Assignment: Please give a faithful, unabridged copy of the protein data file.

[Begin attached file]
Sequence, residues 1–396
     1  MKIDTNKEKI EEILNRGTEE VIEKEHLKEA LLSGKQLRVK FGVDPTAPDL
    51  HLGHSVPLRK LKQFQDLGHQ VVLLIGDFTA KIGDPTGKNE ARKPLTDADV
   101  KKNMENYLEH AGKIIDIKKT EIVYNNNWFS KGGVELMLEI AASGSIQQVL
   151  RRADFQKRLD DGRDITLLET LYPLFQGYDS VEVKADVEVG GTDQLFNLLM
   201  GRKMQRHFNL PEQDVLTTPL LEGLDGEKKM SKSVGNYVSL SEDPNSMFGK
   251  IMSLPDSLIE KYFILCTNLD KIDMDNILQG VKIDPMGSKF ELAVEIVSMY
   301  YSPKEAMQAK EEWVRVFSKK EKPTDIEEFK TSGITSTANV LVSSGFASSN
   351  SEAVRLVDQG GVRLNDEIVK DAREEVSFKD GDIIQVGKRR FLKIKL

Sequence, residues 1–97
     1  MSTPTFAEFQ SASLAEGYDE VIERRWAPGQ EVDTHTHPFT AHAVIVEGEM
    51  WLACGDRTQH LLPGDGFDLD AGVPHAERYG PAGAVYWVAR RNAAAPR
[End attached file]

Sequence, residues 1–396
     1  MKIDTNKEKI EEILNRGTEE VIEKEHLKEA LLSGKQLRVK FGVDPTAPDL
    51  HLGHSVPLRK LKQFQDLGHQ VVLLIGDFTA KIGDPTGKNE ARKPLTDADV
   101  KKNMENYLEH AGKIIDIKKT EIVYNNNWFS KGGVELMLEI AASGSIQQVL
   151  RRADFQKRLD DGRDITLLET LYPLFQGYDS VEVKADVEVG GTDQLFNLLM
   201  GRKMQRHFNL PEQDVLTTPL LEGLDGEKKM SKSVGNYVSL SEDPNSMFGK
   251  IMSLPDSLIE KYFILCTNLD KIDMDNILQG VKIDPMGSKF ELAVEIVSMY
   301  YSPKEAMQAK EEWVRVFSKK EKPTDIEEFK TSGITSTANV LVSSGFASSN
   351  SEAVRLVDQG GVRLNDEIVK DAREEVSFKD GDIIQVGKRR FLKIKL

Sequence, residues 1–97
     1  MSTPTFAEFQ SASLAEGYDE VIERRWAPGQ EVDTHTHPFT AHAVIVEGEM
    51  WLACGDRTQH LLPGDGFDLD AGVPHAERYG PAGAVYWVAR RNAAAPR